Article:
Category Archives: 2006

2006 Student Conference Schedule

Friday, April 7:

  • Keynote Address: “We the Media,” Dan Gillmor (11:00 am – 12:30 pm, Scripps Auditorium)
  • Panel: Ethics & Blogging (2:00 – 4:00 pm, Scripps Auditorium)
    • Interactivity and Prioritizing the Human: A Code of Blogging Ethics, Martin Kuhn, University of North Carolina
    • Privacy and Accountability in Blogging, Fernanda Viegas, MIT MediaLab
    • Rhetoric of Political Bloggers, Jan Boyles, University of West Virginia
    • Blogging Investigative Reporting: The Videoblog, Sandeep Junnarker, Columbia University
  • Workshop: Blogging Ethics (4:15 – 6:15 pm, Scripps 107)
    • A Model of Creditability Development in Political Blogs, Colin Lingle, University of Colorado
    • Blogging and Critical Publicity, Damien Pfister, University of Pittsburgh
    • Ethical Considerations in Blogging, Kim Smith & Bryan Murley, University of South Carolina
  • Guest Presentation: “Blogging from a War Zone,” Major Robert Bateman (8 – 9:30 pm, Bentley 140)

Saturday, April 8:

  • Workshop: Blogging Practice (9:00 – 11:00 am, Scripps 107)
    • Branding Credibility: Blogging Ethics from the Consumers’ Perspective, Steve Siff, Ohio University
    • Can Blogging be More than Punditry and Emotional Rhetoric?, Karen Mishra, University of North Carolina
    • The Implications of Blogs for Democracy in the Arab World, Ali Mohamed, McGill University
  • Keynote Address: “Media Ethics in a Digital Age,” Clifford Christians, University of Illinois at Urbana-Campaign (11:00 am – 12:30 pm, Scripps Auditorium)
  • Panel: Ethics & Online Media (2:00 – 4:00 pm, Scripps Auditorium)
    • Typology of Online Journalism, Mark Deuze, Indiana University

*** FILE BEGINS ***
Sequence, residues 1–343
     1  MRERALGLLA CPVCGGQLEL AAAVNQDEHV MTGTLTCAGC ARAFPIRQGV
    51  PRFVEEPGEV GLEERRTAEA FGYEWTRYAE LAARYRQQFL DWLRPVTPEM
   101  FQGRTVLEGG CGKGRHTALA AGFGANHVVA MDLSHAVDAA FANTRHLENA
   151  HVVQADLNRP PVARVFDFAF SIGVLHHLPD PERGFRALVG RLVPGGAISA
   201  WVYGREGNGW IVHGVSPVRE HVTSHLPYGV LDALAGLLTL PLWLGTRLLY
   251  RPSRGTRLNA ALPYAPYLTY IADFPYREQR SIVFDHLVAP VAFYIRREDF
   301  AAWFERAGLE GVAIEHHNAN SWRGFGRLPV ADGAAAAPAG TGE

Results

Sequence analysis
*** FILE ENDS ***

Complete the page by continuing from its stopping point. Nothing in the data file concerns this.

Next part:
• Reality Constraints of Online Journalism, Bob Benz, Scripps Company
    • Online Journalism Ethics, Bernhard Debatin, Ohio University
  • Workshop: Online Journalism Ethics (4:15 – 6:15 pm, Scripps 107)
    • It’s About What Your School Can Do for You, Susanne Goericke, University of Kansas
    • Sketches of a Sociological Inquiry into Blogging Ethics, Christopher Anderson, Columbia University
    • Blogging Practice, Serena Carpenter, Michigan State University

Conference Overview

In April 2006 the Ohio University Institute for Applied and Professional Ethics and the E. W. Scripps School of Journalism will host Blogging and Online Journalism: New Media, New Challenges, New Ethics (BOJ).

BOJ will provide an opportunity for a small group of select students to join forces with leading figures in journalism and media ethics for an intimate, in-depth exploration of one of the most interesting and dynamic areas in applied ethics.

Half conference and half workshop, BOJ is split into two sections. Each includes an introductory public lecture (see keynotes on left), a public discussion of topic by a panel of experts (see panels on left), and student workshops (see workshops on left). During the workshops, student participants will present original work for discussion by their peers and by the invited panelists.